Have you heard of the 3D printing phenomenon known as “ringing.” If so, you might be wondering what it is exactly. 3D printers, of course, build objects by depositing material onto a print bed. They generally add the material layer by layer, starting from the bottom and working their way up. In some cases, though, 3D printers can suffer from ringing. For a better understanding of ringing and what causes it, keep reading.
Overview of Ringing
Also known as ghosting, ringing is a 3D printing phenomenon that manifests as the superficial defects consisting of fine lines on the surface. As previously mentioned, 3D printers build objects by depositing material onto a print bed. When all goes well, the finished object will have a smooth surface — assuming it’s designed that way in the computer software. With ringing, the 3D printer will deposit material in a way that creates unwanted lines, which you can see and feel on the surface of the finished object.
Common Causes of Ringing
Ringing is typically caused by excessive vibrations produced by the 3D printer. 3D printers contain various moving parts, including a print head with an attached nozzle. If the print head moves too quickly, it will vibrate. These vibrations can result in the 3D printer depositing material unevenly or in the wrong areas, in which case ringing may occur.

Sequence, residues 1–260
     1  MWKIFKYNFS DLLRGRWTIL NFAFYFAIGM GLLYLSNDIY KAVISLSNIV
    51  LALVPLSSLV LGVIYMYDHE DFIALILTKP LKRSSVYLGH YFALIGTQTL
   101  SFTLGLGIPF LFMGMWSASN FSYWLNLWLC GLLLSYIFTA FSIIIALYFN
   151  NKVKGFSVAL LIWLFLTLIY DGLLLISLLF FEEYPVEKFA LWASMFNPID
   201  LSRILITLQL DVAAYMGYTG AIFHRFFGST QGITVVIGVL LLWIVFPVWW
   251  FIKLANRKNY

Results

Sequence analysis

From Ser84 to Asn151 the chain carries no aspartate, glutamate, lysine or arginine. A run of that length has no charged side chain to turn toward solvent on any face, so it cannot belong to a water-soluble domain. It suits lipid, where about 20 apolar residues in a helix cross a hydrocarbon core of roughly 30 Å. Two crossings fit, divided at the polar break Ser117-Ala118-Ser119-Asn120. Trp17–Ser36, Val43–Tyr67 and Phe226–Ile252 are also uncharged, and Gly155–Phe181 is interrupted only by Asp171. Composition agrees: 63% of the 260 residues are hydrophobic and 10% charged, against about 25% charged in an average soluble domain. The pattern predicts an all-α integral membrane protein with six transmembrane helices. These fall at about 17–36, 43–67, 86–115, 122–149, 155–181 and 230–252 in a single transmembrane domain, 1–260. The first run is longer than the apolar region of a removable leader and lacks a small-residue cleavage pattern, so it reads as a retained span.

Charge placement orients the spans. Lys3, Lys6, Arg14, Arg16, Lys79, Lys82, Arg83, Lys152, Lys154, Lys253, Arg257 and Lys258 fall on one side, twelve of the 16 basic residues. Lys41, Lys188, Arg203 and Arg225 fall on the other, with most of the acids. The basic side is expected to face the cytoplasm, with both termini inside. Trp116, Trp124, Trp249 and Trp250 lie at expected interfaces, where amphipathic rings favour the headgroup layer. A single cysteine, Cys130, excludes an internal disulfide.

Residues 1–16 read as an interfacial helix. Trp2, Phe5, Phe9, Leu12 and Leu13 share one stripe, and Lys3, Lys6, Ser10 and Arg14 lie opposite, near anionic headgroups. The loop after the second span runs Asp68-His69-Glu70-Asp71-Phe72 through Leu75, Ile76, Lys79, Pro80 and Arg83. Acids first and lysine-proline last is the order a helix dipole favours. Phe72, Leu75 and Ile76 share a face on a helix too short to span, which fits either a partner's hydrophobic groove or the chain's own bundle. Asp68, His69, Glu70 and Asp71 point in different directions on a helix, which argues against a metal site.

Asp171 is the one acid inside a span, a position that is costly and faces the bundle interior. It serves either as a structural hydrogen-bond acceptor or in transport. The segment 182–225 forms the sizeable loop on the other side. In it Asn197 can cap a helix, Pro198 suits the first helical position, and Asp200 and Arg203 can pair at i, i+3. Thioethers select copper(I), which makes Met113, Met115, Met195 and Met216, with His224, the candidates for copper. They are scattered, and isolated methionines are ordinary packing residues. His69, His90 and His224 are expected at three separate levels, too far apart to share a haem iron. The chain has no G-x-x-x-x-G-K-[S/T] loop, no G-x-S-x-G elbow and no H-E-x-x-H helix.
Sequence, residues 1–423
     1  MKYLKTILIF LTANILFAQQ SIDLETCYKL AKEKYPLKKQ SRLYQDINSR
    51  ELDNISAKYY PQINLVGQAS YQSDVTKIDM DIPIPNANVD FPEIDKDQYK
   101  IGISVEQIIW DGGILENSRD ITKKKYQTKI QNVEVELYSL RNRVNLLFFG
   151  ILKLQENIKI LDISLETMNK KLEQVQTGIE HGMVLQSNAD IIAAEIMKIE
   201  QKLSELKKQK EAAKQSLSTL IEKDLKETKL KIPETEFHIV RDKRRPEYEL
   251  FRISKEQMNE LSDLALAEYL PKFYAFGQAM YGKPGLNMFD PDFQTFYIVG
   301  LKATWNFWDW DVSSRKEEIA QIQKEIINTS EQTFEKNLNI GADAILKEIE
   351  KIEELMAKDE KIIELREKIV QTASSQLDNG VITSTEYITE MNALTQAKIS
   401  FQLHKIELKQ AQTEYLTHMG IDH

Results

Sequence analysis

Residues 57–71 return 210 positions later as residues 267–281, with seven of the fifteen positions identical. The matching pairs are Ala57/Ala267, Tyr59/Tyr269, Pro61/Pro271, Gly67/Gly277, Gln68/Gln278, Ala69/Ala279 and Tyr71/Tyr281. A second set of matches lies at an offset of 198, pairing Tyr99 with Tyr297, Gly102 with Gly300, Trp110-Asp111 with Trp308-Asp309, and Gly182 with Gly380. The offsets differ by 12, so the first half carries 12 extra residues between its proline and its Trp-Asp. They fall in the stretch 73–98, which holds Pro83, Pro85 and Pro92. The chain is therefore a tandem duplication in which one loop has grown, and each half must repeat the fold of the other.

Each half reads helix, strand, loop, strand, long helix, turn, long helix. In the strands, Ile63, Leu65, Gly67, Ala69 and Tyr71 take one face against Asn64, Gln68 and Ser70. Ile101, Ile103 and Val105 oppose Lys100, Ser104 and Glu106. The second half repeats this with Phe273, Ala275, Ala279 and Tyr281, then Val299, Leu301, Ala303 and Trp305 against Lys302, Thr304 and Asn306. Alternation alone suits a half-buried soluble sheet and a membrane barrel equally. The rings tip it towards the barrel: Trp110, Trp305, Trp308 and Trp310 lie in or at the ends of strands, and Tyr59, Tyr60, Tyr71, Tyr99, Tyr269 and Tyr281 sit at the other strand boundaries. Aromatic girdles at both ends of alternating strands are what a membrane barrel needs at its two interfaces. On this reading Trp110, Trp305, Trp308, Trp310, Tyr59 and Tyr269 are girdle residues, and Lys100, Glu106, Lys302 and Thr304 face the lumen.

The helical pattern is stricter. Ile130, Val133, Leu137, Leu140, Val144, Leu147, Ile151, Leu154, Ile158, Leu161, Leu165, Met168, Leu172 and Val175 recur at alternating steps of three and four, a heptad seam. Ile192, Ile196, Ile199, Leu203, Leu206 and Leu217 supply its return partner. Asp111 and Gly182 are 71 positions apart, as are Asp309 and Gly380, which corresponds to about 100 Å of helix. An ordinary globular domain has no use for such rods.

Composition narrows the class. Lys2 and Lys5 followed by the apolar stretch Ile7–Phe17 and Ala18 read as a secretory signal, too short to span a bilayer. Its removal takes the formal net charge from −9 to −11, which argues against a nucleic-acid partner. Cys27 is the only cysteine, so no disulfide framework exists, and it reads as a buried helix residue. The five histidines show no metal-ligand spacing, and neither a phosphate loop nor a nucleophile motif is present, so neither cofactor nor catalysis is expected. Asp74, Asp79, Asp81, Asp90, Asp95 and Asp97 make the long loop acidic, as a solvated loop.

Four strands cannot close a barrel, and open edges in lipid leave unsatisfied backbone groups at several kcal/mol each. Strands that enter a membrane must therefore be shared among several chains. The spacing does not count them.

While most instances of ringing are caused by excessive vibration, this phenomenon can also occur if the wrong type of print bed is used. If the deposited material fails to stick or adhere to the print bed, for instance, ringing may occur. It’s not as common as vibration-related ringing, but the wrong print bed can still cause this phenomenon nonetheless.
How to Prevent Ringing
Because it’s caused primarily from excessive vibrations, ringing can be prevented by minimizing the vibrations produced by the 3D printer. Vibrations occur when a 3D printer — specifically its components, such as the print head — moves too quickly. Depending on the type of 3D printer, you may be able to adjust the speed at which it moves. If you discover ringing on a finished object, try lowering the speed at which the 3D printer moves. A slower speed will require a longer length of time to build objects, but it will lower the risk of ringing and other related defects. Alternatively, you can try switching to a different print bed. If you believe your current print bed is responsible for ringing, using a different print bed may solve this problem.
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